Leaving Gladstone Bay, Saturday 15/8, it was a leisurely 300km drive, made even more leisurely by the stupid number of caravans and motorhomes heading in both directions. We got stuck behind a cavalcade of five vans, so decided ‘when in Rome’ and sat on the end of the 90kph procession.
As we came into the Kalbarri National Park we could see dark rain clouds setting up over the ocean, so we checked into the Murchison House Station and quickly set the van up. As the raindrops arrived, so did Barry and Linda so we helped them setup and then settled into a wet and somewhat windy night in the van (not that we got wet or anything).
Sunday dawned pretty bleak with intermittent showers interspersed with heavier falls but unperturbed, Jules and I set off to explore Kalbarri, first following a 4wd track up the Murchison River through the park and varied wildflowers on display.
All that wildflower spotting and 4wd’ing makes a person hungry so we looped back into town and scoffed down a fabulous homemade sausage roll and good coffee, whilst overlooking the rough swell smashing the river mouth.
We then proceeded South, down the coast checking out the various beach accesses and lookouts, ending up about 70kms South at Port Gregory. Coming into Port Gregory you pass the Hutt Lagoon and the famous Pink Lake which is made pink by the carotenoid-producing algae Dunaliella salina. Unfortunately, the wind and overcast day made viewing the Pink Lake a little underwhelming but we did manage to get a shot which showed the colours.
By the time we’d made it back to camp in Kalbarri, BJ and Rod had arrived and setup, so we spent the rest of the arvo and evening catching up, exchanging tales and laughing.
Monday 15/8 and we had hoped to explore the many 4wd tracks North of the Murchison River which are still within the boundaries of the Murchison House Station. However, the 20mm of rain overnight put a stop to that as most of the tracks were boggy or closed due to the risk of getting stuck out there. So, plans flipped to a kayaking day and BJ, Barry, Rod, Jules and I kayaked from the homestead, literally starting out front of our van, the 19kms downriver to the townsite of Kalbarri. At the homestead the river is muddy and silty from all the recent rains and runoff but as we approached Castle Rock, the water cleaned up with the tidal influence and the boys managed to rustle up, and release, a few Black Bream. The paddle down the river was lovely, alternating between rocky sections in the gorge walls, through to open farmland and tree lined banks. We saw plenty of birds on the paddle down including Variegated Fairywren, Ospreys, Spoonbills and others. Unfortunately, as we were kayaking I didn’t risk taking my camera, so we don’t have any pics from our paddle down the river.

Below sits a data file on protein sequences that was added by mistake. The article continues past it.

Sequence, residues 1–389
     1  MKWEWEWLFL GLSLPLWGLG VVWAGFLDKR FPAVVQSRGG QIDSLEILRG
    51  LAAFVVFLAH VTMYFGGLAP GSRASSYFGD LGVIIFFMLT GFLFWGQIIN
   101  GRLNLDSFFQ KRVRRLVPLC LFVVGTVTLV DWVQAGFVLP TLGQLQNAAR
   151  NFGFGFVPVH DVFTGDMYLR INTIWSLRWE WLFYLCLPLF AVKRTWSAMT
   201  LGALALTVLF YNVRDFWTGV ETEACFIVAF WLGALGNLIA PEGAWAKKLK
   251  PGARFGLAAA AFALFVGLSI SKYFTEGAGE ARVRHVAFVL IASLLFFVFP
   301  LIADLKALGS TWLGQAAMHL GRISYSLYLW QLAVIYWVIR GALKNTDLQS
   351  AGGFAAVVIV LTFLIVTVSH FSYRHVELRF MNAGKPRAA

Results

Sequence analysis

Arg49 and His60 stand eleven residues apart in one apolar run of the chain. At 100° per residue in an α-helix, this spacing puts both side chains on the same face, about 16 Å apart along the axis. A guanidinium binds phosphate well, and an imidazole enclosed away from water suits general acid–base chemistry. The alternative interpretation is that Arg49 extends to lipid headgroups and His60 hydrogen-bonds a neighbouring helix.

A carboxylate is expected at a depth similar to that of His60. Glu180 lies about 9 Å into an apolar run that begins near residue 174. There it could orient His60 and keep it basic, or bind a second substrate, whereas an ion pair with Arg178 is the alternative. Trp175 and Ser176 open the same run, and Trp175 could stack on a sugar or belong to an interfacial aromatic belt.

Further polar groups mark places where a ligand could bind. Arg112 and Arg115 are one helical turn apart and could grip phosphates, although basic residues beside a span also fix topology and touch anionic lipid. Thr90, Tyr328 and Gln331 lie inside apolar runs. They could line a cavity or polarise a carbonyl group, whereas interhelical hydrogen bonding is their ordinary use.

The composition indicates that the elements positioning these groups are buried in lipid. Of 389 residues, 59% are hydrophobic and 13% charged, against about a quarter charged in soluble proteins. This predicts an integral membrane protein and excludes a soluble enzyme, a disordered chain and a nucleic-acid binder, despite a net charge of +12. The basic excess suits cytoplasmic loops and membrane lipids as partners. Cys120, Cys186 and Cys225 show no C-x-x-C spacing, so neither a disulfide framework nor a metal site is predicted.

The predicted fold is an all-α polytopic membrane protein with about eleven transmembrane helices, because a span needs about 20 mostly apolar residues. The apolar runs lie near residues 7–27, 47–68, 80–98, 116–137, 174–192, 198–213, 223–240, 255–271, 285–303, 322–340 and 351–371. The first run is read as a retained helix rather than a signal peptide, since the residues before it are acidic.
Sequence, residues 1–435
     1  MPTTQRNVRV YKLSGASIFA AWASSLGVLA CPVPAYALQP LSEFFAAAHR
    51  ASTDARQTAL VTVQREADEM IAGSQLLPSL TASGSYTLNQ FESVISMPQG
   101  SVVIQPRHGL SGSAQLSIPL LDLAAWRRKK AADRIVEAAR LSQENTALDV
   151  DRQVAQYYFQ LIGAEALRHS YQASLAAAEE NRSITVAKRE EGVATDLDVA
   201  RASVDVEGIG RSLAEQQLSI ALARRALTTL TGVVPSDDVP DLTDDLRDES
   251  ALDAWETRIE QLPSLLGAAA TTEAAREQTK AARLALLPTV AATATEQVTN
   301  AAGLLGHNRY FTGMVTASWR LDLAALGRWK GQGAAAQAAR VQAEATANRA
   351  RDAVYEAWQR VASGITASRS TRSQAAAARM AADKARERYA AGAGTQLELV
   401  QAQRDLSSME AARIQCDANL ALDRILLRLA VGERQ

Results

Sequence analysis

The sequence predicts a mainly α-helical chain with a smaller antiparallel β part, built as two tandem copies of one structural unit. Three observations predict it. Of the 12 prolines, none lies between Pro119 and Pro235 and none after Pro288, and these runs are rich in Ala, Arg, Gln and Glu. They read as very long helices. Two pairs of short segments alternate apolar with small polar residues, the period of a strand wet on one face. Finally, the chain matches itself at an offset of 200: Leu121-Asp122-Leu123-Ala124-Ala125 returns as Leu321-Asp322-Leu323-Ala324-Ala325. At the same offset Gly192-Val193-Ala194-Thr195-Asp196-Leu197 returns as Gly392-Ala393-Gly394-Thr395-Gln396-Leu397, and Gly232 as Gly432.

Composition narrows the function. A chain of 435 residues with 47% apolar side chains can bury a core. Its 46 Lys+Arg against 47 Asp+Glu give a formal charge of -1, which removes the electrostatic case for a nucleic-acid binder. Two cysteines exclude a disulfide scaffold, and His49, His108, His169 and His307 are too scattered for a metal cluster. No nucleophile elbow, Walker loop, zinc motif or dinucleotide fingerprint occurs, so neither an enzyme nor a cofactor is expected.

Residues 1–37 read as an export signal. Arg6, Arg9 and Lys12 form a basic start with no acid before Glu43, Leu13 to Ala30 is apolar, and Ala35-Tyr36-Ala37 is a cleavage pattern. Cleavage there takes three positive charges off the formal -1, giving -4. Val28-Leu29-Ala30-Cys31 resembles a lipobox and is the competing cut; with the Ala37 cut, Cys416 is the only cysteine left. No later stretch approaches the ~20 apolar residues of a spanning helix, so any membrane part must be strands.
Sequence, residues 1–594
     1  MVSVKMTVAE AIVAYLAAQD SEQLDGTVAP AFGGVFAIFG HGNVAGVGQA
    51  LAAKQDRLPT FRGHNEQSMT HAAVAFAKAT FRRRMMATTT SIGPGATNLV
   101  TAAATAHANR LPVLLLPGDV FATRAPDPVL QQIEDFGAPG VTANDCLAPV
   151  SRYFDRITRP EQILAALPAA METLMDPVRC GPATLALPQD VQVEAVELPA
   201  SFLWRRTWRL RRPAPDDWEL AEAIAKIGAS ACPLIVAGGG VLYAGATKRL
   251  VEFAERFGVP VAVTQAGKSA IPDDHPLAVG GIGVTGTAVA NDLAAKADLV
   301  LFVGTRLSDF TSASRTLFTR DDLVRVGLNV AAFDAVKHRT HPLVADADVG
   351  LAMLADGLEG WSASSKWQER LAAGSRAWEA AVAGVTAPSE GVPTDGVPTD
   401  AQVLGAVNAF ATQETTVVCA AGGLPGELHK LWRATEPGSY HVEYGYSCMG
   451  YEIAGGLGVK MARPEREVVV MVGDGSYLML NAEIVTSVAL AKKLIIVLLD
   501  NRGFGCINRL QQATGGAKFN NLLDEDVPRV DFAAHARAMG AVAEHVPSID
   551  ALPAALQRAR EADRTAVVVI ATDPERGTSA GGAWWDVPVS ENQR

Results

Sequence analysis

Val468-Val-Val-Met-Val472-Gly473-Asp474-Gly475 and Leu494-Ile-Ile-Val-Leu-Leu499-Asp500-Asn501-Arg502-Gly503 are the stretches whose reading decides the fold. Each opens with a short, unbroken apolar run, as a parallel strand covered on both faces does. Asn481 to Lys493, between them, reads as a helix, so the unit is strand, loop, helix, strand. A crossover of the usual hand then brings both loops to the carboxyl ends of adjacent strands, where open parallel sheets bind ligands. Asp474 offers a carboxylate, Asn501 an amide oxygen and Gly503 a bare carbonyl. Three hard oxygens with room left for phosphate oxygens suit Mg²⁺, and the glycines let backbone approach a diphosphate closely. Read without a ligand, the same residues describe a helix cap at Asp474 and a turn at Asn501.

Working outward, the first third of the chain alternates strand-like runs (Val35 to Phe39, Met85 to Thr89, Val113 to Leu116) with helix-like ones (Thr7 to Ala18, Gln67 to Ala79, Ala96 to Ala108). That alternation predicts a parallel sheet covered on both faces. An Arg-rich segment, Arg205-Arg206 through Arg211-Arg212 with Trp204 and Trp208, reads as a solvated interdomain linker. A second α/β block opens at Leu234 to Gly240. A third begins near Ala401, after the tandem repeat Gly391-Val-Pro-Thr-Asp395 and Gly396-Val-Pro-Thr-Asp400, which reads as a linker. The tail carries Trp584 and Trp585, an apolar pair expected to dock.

Jules and I spent Tuesday visiting the Kalbarri National Park, doing the new Skywalk which was fantastic and worth every cent of the $15 per vehicle park entry fee, followed by Natures Window and the Z-Bend. We then decided to skip the Hawks Head lookout and opted instead to head into Kalbarri where we had a pizza and pint at the pub whilst looking out over the river mouth.
Wednesday opened relatively sunny and so we decided it was 4wd day. Jules, Rod, BJ and I jumped in Gwavin our Ranger and headed North over the Murchison River at the Homestead bridge and spent the day exploring the many tracks, sometimes goat trails, that covered the station. Our first route followed the Murchison River upriver to the Wilgiamia Pool, a lovely spot on the river with some fantastic sandstone rock features. Interestingly Jules noted that we were only about 2kms as the crow flies from Natures Window, further upstream and within the national park.
From Wilgiamia Pool, we then headed West towards the coast before eventually finding ourselves on a track that ultimately lead to the infamous ‘jump up’ which we were warned was steep and very slippery and that we should not attempt it… Unfortunately, the track we followed in didn’t have any alternative routes, but fortunately we were doing it as a descent rather than an ascent, so we engaged low range and hill descent mode and slowly trundled down with no issues.
The boys decided to chase Black Bream early on Thursday morning, but Jules and I opted for a sleep in and then spent a couple of hours exploring the river downstream of the Homestead, finding plenty of bees and birds to photograph. As Thursday was our last full day at the Homestead we finished it off in style with a roaring campfire.
The day finally came, Friday the day we all started heading home, that is except BJ who as a bloody retiree was going to spend another few days with other friends in Port Gregory. Baz, Linda and Rod all decided to shoot straight home, however, Jules and I wanted to make the most of our last couple days of leave and we headed South to Northampton, through to Nabawa, up to Yuna and finally through to Canna where we camped at a freecamp amongst the Everlastings and Orchids. We’re heading home to civilisation, the kids, dog and work on Monday tomorrow, Saturday 21/8. ☹